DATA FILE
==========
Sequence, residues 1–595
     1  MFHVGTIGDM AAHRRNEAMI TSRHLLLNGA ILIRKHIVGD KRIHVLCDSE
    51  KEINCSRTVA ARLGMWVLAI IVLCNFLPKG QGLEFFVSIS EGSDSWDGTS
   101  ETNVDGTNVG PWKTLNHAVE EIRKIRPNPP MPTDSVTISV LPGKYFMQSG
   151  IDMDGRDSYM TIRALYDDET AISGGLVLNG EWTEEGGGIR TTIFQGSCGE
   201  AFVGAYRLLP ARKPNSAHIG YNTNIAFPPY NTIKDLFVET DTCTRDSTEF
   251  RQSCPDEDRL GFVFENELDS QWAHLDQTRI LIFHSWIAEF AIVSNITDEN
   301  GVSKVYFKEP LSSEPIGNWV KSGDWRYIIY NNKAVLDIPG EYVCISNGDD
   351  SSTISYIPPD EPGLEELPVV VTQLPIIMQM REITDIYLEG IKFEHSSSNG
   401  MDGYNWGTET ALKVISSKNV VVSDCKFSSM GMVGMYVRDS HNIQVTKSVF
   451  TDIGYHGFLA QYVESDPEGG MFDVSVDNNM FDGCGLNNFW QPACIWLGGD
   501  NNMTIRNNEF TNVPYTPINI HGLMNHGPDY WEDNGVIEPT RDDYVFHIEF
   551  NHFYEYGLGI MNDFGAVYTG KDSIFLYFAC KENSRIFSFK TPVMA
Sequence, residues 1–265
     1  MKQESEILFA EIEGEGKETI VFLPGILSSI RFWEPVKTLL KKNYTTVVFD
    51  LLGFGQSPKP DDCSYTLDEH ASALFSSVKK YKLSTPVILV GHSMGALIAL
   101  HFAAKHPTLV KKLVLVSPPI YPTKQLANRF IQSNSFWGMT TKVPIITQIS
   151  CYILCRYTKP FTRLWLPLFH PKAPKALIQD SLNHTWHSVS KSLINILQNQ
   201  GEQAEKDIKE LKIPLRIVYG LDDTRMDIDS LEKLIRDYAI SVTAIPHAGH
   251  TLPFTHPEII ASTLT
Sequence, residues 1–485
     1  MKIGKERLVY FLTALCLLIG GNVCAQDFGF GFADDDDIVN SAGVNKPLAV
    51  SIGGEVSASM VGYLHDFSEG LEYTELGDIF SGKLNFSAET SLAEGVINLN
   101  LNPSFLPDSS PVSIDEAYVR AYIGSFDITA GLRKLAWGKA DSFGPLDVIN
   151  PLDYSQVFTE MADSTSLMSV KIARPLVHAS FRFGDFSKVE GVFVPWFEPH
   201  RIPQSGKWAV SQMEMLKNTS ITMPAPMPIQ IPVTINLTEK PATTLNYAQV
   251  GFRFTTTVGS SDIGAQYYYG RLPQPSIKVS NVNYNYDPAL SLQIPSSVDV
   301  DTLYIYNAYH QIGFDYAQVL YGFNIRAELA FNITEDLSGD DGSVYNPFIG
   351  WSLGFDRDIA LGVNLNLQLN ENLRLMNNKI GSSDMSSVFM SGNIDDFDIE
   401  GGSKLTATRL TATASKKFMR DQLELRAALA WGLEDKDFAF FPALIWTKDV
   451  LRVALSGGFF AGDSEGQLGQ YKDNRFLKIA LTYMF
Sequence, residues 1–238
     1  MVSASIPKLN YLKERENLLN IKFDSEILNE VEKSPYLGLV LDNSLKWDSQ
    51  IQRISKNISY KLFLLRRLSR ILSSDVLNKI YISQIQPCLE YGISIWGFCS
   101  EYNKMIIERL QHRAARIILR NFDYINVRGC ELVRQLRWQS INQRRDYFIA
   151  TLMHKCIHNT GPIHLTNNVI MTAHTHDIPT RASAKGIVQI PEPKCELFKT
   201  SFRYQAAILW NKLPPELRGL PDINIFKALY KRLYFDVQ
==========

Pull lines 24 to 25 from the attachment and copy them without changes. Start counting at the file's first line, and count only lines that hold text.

   101  LNPSFLPDSS PVSIDEAYVR AYIGSFDITA GLRKLAWGKA DSFGPLDVIN
   151  PLDYSQVFTE MADSTSLMSV KIARPLVHAS FRFGDFSKVE GVFVPWFEPH